Eight is a par 3 of 184/172 playing to a green with another bunker cutting into it from the left. The green slopes right to left. The trees are really thick on either side here and I felt there were too many.

Nine is a par 4 of 488/430. I felt it to be the most memorable hole on the course. It is a sharp dogleg left playing over water which continues to the left side of the green. If one is not brave enough or careless with the tee shot, they can end up in the trees on the right or left before they take on the shot over the water. The green slopes towards the water with a single bunker front left. Trees come hard at the back of the green. The decision on this hole is whether one has confidence to reach the green or to play short and to the right.

The back nine kicks off with a par 3 of 169/150 and it is a lovely hole. The green has two bunkers, one supported by rock at the back of the green. The green slopes left to right with a ridge one-third into it. This hole is so pretty after walking through the trees on the trail and wooden bridge that one wants to linger here for awhile.

Eleven is a par 5 of 555/541 dogleg left with water down the entire left side from the tee shot to the green. If you can stay to the right this is a straightforward hole. The longer hitter will hit to the left side of the fairway but has to carry more of the water. The trees on the left between the water and the green add a significant complication to coming in from the left side. There is a hidden bunker on the back left and the green slopes towards the water with a few humps.

Twelve is a par 4 of 465/429 and is the final dogleg right. I felt this to be the hardest hole on the golf course for medium length hitters. Long hitters have a big advantage. A pond is on the right but should not be in play. The green sits off to the right and is angled left to right. It is a long green and it is two tiered.

Thirteen is a shorter par 4 of 377 playing sharply to the left. You must find the fairway as the grass and trees on either side are a problem. The bunker on the right side of the fairway needs to be avoided as it is deep. This is the most fun hole on the course as it can be the most maddening. Bunkers are both short and surrounding an odd shaped, undulating green. Miss the green and its 50-50 you will have a double bogey. I like the hole even though I thought the green site to not offer any real chance of recovery.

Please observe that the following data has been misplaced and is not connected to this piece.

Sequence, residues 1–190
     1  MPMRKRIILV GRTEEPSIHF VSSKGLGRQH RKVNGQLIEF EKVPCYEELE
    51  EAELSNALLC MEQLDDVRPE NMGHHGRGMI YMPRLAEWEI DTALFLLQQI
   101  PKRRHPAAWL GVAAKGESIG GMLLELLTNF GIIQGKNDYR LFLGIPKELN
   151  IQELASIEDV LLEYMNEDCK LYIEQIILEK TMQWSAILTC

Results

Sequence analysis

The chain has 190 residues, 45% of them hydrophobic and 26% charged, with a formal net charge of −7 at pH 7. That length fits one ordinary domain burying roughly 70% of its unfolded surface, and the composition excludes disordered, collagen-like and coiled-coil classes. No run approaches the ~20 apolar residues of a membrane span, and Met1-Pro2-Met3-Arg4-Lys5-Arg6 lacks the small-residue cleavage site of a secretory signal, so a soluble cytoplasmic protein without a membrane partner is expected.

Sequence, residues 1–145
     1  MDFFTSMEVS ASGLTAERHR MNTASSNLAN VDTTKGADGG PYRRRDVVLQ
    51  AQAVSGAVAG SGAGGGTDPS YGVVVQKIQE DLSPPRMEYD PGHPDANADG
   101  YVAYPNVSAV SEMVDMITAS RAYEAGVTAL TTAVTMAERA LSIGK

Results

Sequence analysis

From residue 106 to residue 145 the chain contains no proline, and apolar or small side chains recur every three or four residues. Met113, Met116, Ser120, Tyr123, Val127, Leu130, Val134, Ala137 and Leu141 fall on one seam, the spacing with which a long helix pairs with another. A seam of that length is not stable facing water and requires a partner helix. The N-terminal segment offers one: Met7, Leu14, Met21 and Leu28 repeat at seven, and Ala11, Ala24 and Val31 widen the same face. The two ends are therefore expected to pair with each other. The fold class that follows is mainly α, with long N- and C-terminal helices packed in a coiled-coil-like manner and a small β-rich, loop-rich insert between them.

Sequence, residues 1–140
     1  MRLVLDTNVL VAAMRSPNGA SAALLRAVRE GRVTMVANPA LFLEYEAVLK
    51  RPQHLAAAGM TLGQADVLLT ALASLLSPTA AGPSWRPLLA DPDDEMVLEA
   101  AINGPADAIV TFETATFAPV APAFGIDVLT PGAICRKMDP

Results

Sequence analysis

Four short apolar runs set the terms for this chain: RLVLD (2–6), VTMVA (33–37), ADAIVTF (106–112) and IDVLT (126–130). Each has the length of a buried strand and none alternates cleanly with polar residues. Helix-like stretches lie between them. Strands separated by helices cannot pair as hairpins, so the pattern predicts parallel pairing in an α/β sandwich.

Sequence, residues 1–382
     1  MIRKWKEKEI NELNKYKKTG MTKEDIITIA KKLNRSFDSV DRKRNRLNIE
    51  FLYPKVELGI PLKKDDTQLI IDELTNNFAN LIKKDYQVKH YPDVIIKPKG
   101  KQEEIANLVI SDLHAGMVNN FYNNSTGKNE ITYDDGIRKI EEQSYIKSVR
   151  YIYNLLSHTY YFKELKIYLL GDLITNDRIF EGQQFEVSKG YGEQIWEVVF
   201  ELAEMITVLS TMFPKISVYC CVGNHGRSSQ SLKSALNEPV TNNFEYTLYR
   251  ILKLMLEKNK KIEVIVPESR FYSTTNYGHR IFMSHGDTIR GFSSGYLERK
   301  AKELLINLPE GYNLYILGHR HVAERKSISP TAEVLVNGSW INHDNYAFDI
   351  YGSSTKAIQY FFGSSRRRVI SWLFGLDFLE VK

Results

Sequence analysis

Fourteen is a par 3 of 216/190. This green has a deep bunker fronting the middle of the thin, undulating green. I feel the green is both too thin and too heavily contoured for the length of the tee shot.

Fifteen is a par 4 of 474/440 and is the hardest hole for all players. It plays straight but is a tighter driving corridor with trees on either side. It is not least attractive hole on the back nine.

Sixteen is another par 4 of 450/407 playing straight. This hole has a wide fairway where one should play away from the single bunker on the right. There are two bunkers at the green with is small with a false front. After playing so many difficult holes, I was thankful for this one.

The final par 3 is 201/180 with a pond eating into half of the green from the left side. Hit it short, left, or long and you are in the water. Miss it to the right and you have a delicate pitch to a green going away from you. There is a bunker on the front left between the water and green that I think detracts from the visual beauty of the hole although those who land in it are likely thankful to have a chance at recovery.

Eighteen is another beautiful golf hole, a short par 5 of 520/486 where it tempts you to go for the green in two. Water goes down the entire left side until you have to pass over it. Heavy trees guard the right side. This dogleg left requires a second shot to avoid a large tree on the left side of the fairway where shorter hitters need to play to the right of it and a longer hitter plays left or over it. The green sits elevated a bit on the other side of the pond sitting well off to the left. The clubhouse beautifully frames the undulating green with various spines and tiers in it. This is a nice risk-reward hole for the better players and one that average players need to hit three good shots to get on. The hole is not quite as pretty as ten, but it is a lovely finish.

Given there is not many exceptional courses in the state of Kansas, having Flint Hills National as an alternative to Prairie Dunes is certainly good for those who desire a top-quality golf course. Karsten Creek, Oak Tree National and Southern Hills are two and a half to three hours away from Witchita. Kansas City has a handful of nice country clubs but is also three hours and I have a good friend who lives there and says there is nothing as good there as Flint Hills National. So, in likely a six-hour circle, it is certainly one of the top four golf courses as I think it is better than The Patriot Club.

I do wish the course was a bit more forgiving off the tee and around the greens. I wish there was a bit more strategy involved in more of the holes. Too often there is only “ideal line” to take. Perhaps that is different for better players as this is a course built for better players. A member likely will have an index here that will travel well to other clubs given the precision required off the tee as well as having a good putting stroke. If one takes everything into consideration, as a member one will want to make the journey to spend as much time at this club as they can.

April 20, 2020
7 / 10